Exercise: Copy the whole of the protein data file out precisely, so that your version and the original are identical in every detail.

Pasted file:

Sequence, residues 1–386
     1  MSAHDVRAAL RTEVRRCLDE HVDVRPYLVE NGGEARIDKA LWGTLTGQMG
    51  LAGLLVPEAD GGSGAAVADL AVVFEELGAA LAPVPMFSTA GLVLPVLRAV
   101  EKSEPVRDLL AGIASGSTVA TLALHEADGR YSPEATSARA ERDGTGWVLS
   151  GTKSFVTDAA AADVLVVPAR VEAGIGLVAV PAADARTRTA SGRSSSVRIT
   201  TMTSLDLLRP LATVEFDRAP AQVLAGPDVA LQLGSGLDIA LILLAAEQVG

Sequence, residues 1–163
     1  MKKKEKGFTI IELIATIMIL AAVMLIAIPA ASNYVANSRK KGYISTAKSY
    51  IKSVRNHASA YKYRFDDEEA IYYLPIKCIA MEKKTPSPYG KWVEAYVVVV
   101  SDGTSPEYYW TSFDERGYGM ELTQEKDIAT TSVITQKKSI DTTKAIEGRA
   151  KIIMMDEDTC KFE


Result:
Sequence, residues 1–386
     1  MSAHDVRAAL RTEVRRCLDE HVDVRPYLVE NGGEARIDKA LWGTLTGQMG
    51  LAGLLVPEAD GGSGAAVADL AVVFEELGAA LAPVPMFSTA GLVLPVLRAV
   101  EKSEPVRDLL AGIASGSTVA TLALHEADGR YSPEATSARA ERDGTGWVLS
   151  GTKSFVTDAA AADVLVVPAR VEAGIGLVAV PAADARTRTA SGRSSSVRIT
   201  TMTSLDLLRP LATVEFDRAP AQVLAGPDVA LQLGSGLDIA LILLAAEQVG

Sequence, residues 1–163
     1  MKKKEKGFTI IELIATIMIL AAVMLIAIPA ASNYVANSRK KGYISTAKSY
    51  IKSVRNHASA YKYRFDDEEA IYYLPIKCIA MEKKTPSPYG KWVEAYVVVV
   101  SDGTSPEYYW TSFDERGYGM ELTQEKDIAT TSVITQKKSI DTTKAIEGRA
   151  KIIMMDEDTC KFE